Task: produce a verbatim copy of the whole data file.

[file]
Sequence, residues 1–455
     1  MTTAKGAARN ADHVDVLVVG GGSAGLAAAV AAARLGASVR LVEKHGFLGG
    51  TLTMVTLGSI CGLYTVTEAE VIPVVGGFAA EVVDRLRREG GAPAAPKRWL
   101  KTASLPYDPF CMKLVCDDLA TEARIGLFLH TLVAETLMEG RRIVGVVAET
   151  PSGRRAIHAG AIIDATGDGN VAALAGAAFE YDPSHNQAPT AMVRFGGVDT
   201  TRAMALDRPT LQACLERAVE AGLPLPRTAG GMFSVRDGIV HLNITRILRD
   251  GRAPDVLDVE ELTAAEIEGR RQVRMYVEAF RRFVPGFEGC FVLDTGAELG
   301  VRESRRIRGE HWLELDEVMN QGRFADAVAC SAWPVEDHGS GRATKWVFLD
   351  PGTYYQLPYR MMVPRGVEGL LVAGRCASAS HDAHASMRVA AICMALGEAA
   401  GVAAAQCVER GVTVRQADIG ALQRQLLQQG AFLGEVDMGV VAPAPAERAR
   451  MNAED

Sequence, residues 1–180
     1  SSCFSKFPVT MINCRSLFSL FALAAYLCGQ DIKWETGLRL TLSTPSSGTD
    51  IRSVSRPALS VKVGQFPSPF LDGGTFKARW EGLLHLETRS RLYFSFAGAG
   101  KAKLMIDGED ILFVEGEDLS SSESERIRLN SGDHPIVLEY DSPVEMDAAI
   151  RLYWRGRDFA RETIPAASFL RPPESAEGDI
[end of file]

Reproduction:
Sequence, residues 1–455
     1  MTTAKGAARN ADHVDVLVVG GGSAGLAAAV AAARLGASVR LVEKHGFLGG
    51  TLTMVTLGSI CGLYTVTEAE VIPVVGGFAA EVVDRLRREG GAPAAPKRWL
   101  KTASLPYDPF CMKLVCDDLA TEARIGLFLH TLVAETLMEG RRIVGVVAET
   151  PSGRRAIHAG AIIDATGDGN VAALAGAAFE YDPSHNQAPT AMVRFGGVDT
   201  TRAMALDRPT LQACLERAVE AGLPLPRTAG GMFSVRDGIV HLNITRILRD
   251  GRAPDVLDVE ELTAAEIEGR RQVRMYVEAF RRFVPGFEGC FVLDTGAELG
   301  VRESRRIRGE HWLELDEVMN QGRFADAVAC SAWPVEDHGS GRATKWVFLD
   351  PGTYYQLPYR MMVPRGVEGL LVAGRCASAS HDAHASMRVA AICMALGEAA
   401  GVAAAQCVER GVTVRQADIG ALQRQLLQQG AFLGEVDMGV VAPAPAERAR
   451  MNAED

Sequence, residues 1–180
     1  SSCFSKFPVT MINCRSLFSL FALAAYLCGQ DIKWETGLRL TLSTPSSGTD
    51  IRSVSRPALS VKVGQFPSPF LDGGTFKARW EGLLHLETRS RLYFSFAGAG
   101  KAKLMIDGED ILFVEGEDLS SSESERIRLN SGDHPIVLEY DSPVEMDAAI
   151  RLYWRGRDFA RETIPAASFL RPPESAEGDI